Tuesday, March 3, 2009

The Saint of Soy vs. The God of Groovy

Bruce Campbell is the most beloved B-movie actor of the modern era, and rightfully so. With his boomstick-sharp chin and rubber-made expressions, he's a tad too quirky for leading man roles and far too conspicuous for character actor status.  A Bruce Campbell movie is always A Bruce Campbell movie, so it's only fitting that he would direct himself in the very funny, very goofy, quite imperfect and mega meta My Name Is Bruce, a sort of JCVD by way of The Three Amigos.

Perhaps the best initial decision of My Name Is Bruce was to make the character of Bruce Campbell an absolute jerk. This is the kind of celebrity you giddily approach at Chiller Theater, not for a $25 signed photo, but simply to get an honest handshake. His reaction? Avoid eye contact and extend limp wrist as if it weighed more than modern Val Kilmer (*cough cough Tom Savini New Jersey 2004). This Campbell feeds whiskey to his son-of-a-bitch dog, slobberly hits on his co-star, drunk dials his ex-wife (Ash's first unlucky Cheryl) and occasionally sends disabled autograph seekers to the emergency room (and they occasionally deserve it).

Mixed in with our early introductions of Campbell are a few scenes establishing small town terror in Oregon. A pair of punky teenagers--one a diehard Evil Dead-head who won't accept liking Bubbah Ho Tep as BC cred--do as horror teens do and unleash an ancient demon in a graveyard. The only logical solution to save the quickly dwindling population (the emergency is made more serious as the official Welcome sign painter is running dangerously low on population marking paint) is to kidnap the man behind the chainsaw and hope that three go arounds with Sam Raimi are enough experience to fight a decapitation happy monster. Since business in Hollywood is slow (although Cave Alien 3 + 4 are already greenlit for a Bulgarian shoot), and the fanboy's mom is single, Campbell agrees.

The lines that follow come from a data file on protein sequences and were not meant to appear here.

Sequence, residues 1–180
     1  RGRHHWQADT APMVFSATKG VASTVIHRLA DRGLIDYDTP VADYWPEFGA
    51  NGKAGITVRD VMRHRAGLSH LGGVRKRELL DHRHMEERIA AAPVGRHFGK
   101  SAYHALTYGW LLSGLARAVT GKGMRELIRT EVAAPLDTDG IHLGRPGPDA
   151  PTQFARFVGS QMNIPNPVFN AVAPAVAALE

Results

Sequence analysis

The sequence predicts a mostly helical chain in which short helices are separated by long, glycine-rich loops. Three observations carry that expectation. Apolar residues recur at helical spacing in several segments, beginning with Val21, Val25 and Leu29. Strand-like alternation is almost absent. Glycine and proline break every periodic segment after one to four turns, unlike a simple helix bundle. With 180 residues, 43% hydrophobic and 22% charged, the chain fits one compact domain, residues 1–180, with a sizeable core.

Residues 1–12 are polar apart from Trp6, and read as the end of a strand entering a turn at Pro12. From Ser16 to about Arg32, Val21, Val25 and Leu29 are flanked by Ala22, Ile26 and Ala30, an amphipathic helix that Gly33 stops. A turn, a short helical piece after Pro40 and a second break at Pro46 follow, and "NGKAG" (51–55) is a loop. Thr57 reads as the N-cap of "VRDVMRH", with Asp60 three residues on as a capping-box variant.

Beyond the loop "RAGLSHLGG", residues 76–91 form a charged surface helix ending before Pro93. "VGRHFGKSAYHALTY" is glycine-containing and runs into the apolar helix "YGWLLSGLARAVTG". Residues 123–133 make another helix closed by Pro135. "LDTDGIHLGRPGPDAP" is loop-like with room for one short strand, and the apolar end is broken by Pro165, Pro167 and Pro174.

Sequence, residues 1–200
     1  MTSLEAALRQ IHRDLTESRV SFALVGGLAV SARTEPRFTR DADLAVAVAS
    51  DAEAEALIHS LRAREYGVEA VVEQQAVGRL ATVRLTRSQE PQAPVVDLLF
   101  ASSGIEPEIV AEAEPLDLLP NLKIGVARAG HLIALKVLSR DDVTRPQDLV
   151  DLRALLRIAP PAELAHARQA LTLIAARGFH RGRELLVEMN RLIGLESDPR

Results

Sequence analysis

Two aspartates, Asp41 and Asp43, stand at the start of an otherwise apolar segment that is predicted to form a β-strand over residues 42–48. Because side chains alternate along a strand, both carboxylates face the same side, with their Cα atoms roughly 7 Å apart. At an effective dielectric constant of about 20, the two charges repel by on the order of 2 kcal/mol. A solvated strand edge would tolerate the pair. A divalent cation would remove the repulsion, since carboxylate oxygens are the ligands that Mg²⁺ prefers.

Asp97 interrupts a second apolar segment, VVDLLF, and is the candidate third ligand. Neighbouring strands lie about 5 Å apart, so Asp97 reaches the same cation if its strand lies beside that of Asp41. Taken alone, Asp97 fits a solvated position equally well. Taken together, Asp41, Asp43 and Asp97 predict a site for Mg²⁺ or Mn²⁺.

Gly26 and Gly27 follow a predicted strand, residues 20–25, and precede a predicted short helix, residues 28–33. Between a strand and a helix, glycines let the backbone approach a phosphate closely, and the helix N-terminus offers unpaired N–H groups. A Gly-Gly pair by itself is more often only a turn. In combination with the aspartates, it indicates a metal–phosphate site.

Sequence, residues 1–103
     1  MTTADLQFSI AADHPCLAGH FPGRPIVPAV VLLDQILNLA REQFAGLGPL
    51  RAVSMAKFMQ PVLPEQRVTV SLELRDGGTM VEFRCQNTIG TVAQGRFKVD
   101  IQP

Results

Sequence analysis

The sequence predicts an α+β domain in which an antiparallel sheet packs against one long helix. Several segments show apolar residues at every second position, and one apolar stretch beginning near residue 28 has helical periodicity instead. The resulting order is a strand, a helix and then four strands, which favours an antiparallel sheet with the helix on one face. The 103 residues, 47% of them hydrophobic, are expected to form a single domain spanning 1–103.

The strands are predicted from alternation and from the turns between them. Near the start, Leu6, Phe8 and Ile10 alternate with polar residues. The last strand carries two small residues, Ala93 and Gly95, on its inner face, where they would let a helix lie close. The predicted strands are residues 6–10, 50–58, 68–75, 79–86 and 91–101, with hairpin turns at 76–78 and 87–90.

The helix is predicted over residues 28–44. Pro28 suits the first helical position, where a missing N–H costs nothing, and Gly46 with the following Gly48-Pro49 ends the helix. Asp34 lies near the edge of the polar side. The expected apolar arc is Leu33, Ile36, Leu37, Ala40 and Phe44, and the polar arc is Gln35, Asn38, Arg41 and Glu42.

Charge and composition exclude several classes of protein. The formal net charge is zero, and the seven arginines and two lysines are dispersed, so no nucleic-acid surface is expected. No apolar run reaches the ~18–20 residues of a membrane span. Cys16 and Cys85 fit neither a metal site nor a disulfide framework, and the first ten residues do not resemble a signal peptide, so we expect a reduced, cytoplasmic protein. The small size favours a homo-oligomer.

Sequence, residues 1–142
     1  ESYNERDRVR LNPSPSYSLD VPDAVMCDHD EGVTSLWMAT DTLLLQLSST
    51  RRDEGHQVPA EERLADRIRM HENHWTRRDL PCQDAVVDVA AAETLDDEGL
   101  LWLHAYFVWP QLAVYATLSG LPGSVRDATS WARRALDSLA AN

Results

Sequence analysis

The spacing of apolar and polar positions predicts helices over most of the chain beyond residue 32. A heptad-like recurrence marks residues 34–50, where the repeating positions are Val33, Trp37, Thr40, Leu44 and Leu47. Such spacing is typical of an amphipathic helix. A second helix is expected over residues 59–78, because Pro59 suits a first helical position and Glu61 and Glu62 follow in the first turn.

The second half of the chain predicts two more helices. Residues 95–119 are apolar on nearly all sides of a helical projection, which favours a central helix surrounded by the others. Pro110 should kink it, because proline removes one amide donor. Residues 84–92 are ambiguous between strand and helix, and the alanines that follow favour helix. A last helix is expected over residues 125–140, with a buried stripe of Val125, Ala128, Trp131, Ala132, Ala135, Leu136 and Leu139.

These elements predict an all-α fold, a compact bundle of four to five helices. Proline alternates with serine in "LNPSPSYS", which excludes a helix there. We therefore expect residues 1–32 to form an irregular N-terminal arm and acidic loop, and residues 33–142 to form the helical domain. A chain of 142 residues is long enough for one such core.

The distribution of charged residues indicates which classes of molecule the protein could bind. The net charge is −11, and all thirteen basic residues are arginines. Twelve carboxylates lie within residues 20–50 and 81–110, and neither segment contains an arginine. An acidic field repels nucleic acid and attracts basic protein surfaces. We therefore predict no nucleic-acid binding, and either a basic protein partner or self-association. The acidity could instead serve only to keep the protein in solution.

What follows is a good time that never quite reaches greatness. Campbell is a hoot as a Hollywood has-been (or never-was), but the script isn't quite tight enough to truly render it a classic. There are certainly moments of grandeur--Campbell's initial confrontation with the demon finally answers the question I've always had about movie characters running away and firing behind blindly--but I guess when I hear that Bruce Campbell is playing himself battling the Protector of War and Bean Curd, I expect brilliance. Don't get me wrong: I genuinely enjoyed this movie, and anyone with a sense of humor about horror will too.

High Points
Nobody can pull off gloating quite like Bruce Campbell

...the same could be said for shooting spitballs at small town mayors

Guan-di’s love of tofu makes this the best vegetarian propaganda since Troll 2

Ted Rami's performance as a Frenchish sign painter dedicated to his art is obvious but charming

Low Points
Ted Raimi's performance as an elderly Chinese man is obvious but borders on Mickey Rooney level offensiveness

The incredibly twangy theme song left me wanting more moments of ridiculous musical interludes

As a big fan of tofu, I think the Protector of Bean Curd could have been, I don't know, a tad more soyous

Lessons Learned
Bruce Campbell is the only man alive who can utter "Give me some sugar baby" and actually get it

Violence against old people has a pretty darn high rate of funniness

Chainsaws are indeed very heavy

Winning Line
“I’ll be right back. Don’t do anything quaint until I return.”

Buy for Bruce. It’s a silly horror spoof made for fans and it’s impossible not to crack a few smiles. Maybe I’m slightly jaded from having just viewed Severance--a better made film with more complex jokes--but My Name Is Bruce is a light and fluffy good time. It won’t change your life, but seeing Bruce Campbell decked out in a Hawaiian shirt showing off his dance moves, abusing old women and orphaning children without consequence will make your day a little brighter.

No comments:

Post a Comment